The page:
Using SambaBy Robert Eckstein, David Collier-Brown & Peter Kelly
1st Edition October 1999 (est.)
1-56592-449-5, Order Number: 4495
424 pages (est.), $34.95 (est.)
Copyright (c) 1999 by O'Reilly & Associates. This book, Using Samba, first edition, was written by Robert Eckstein, David Collier-Brown, and Peter Kelly, and published by O'Reilly & Associates. This material may be distributed only subject to the terms and conditions set forth in the license, which is presently available at http://www.oreilly.com/catalog/samba/licenseinfo.html.
This is a modified version of the O'Reilly first edition of Using Samba.
The original was downloaded on 25 November 1999, using the command
$ wget -r -L -nc -t 3 --no-parent http://www.oreilly.com/catalog/samba/chapter/book/index.htmlMy motivation for creating this version was that I wanted the book to be downloadable as a single file rather than require people to read it online. Also, I found that the version I downloaded from the O'Reilly website contained many typographical errors, apparently resulting from an imperfect machine translation from SGML to HTML. So I spent a few days carefully reading through the book to find and then fix them. And along with that, I added slightly more intelligent linking to make it easier to navigate within the book using a web browser. Here is a brief list of the changes I made:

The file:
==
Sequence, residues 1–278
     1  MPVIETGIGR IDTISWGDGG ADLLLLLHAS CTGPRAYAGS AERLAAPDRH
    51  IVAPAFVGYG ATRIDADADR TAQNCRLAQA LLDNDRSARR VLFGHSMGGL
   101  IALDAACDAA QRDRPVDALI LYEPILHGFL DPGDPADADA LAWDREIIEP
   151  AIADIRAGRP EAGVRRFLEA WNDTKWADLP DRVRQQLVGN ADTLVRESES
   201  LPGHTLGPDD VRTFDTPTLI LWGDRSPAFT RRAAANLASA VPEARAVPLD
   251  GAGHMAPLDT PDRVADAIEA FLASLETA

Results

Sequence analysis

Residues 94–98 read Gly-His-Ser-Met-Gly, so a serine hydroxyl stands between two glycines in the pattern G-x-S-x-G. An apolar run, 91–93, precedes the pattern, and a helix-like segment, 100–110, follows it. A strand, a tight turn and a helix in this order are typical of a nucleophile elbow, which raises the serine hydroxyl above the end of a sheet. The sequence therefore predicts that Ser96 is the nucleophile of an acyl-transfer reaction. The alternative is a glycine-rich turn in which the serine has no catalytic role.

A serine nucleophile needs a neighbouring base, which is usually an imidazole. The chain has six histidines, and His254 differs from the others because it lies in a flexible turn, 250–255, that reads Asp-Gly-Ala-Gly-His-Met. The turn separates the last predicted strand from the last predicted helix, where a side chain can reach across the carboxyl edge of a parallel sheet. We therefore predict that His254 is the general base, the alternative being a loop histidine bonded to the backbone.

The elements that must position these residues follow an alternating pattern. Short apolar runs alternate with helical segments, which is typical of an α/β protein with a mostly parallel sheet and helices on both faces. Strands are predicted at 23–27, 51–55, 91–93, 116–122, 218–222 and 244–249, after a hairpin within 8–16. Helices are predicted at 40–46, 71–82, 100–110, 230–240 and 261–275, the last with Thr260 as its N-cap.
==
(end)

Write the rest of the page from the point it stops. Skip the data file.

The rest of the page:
Release 1.1, on 12 January 2000:
The most significant development for version 1.1 is that with Using Samba as a guide, I have implemented a Samba network here at the Metran Technology corporate offices, and in the process found several more errors in Using Samba to fix.